It was the one question that Joe DeMarkey, strategic business development leader at Reverse Mortgage Funding, had to repeatedly answer at the National Reverse Mortgage Lenders Association’s annual conference in San Francisco last week: Did some industry leaders know about the lower principal limit factors before they were announced in August?
“No one knew,” DeMarkey said in a speech with other industry heavyweights, including American Advisors Group founder and CEO Reza Jahangiri and Finance of America Reverse president Kristen Sieffert. “No one knew that this was going to happen. It was a confluence of events that took place that started a year ago, when the actuarial review took place.”
Department of Housing and Urban Development officials indeed cited that review, which showed the Home Equity Conversion Mortgage program had an economic value of negative $7.7 billion, when rolling out the new PLFs and adjustments to mortgage insurance premiums. That number also paled in comparison with the negative $14.5 billion value from the fiscal 2017 review, released after DeMarkey and the other leaders spoke at the conference.
No matter the actual number, DeMarkey pointed a finger at the Federal Housing Administration’s backlog of loan assignments as a reason for some of the HECM program’s financial woes.
“The back-end problems that FHA has as more of these loans are being assigned to them has created a financial strain, and without a HECM program that is fiscally sustainable, we don’t have an industry,” he said. “So we have to solve this problem.”
DeMarkey also cited the historically slow appointment of key industry officials at both FHA and HUD under President Trump, noting that FHA had sought NRMLA’s assistance in reacting to last year’s grim actuarial report — but that there were few officials seated to hear their suggestions.
Historically, FHA had pulled what DeMarkey called the “easy levers”: changes to PLFs and mortgage insurance premiums.
“We didn’t want them to do that,” he said. “We wanted them to be more thoughtful, more responsible, and take a look at other program changes.”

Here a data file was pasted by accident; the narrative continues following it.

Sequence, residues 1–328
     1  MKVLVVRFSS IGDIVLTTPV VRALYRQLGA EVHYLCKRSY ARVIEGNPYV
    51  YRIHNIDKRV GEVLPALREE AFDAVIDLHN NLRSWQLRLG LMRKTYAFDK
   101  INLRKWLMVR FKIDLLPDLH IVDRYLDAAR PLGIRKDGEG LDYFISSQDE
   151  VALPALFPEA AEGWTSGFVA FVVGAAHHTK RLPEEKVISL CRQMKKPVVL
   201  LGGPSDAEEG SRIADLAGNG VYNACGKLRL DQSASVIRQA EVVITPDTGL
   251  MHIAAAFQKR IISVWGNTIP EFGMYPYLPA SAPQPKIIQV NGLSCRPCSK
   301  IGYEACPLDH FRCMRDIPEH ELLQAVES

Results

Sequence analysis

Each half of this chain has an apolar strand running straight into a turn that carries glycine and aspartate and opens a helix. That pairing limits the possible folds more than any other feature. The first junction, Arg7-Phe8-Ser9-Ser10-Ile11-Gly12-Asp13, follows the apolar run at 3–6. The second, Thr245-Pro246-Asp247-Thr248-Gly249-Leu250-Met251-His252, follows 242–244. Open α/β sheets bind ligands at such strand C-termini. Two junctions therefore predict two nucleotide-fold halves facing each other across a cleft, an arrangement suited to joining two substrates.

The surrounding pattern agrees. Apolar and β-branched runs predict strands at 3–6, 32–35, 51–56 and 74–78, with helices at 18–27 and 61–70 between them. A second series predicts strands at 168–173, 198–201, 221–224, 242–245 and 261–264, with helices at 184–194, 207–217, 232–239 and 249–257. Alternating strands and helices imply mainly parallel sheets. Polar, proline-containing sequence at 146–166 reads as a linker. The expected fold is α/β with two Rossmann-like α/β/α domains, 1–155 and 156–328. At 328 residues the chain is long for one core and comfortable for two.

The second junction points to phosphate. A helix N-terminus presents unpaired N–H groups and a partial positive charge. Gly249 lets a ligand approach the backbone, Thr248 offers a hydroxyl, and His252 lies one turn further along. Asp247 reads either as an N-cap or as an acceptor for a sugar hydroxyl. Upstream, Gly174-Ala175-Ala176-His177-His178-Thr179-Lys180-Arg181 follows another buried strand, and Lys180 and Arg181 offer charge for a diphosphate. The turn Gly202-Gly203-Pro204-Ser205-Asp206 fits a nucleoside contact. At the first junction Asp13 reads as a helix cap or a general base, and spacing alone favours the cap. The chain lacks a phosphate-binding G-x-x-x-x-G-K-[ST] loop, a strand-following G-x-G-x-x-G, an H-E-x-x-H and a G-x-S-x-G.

But without a strong team in place, in DeMarkey’s telling, the FHA resorted to its old moves.
“They ran out of time. They had to make changes, so they made the easy changes,” he said. “They pushed and pulled the levers.”
Still a path forward
DeMarkey — along with fellow panelist Michael Kent, president of Liberty Home Equity Solutions — insisted that a path forward exists for the federally backed reverse mortgage industry.
Kent, for instance, echoed other voices in the industry by pointing out that the average borrower won’t necessarily know that he or she stands to access a smaller amount of cash than before October 2.
“Do you sell something you have, or do you sell something you used to have?” Kent asked. “We can’t do that anymore. We’ve got to sell what we have to sell. There are some very significant benefits to the borrowers under this new construct.”
For instance, the fact that borrowers preserve more equity over time under the new PLFs can be a selling point, provided originators emphasize the long-distance view when working with potential clients.
“Above and beyond that, we probably need to look at new avenues to create customers,” Kent said, suggesting developing deeper connections with community banks and credit unions.
He concluded his comments with an upbeat view for the future of the program, even amid a predicted short-term downturn.
“I anticipate volume and unit fundings will drop, and we’ll kind of get our bearings again — we’ll find solid ground,” Kent said. “I think the best days of the HECM program still lie ahead.”
Written by Alex Spanko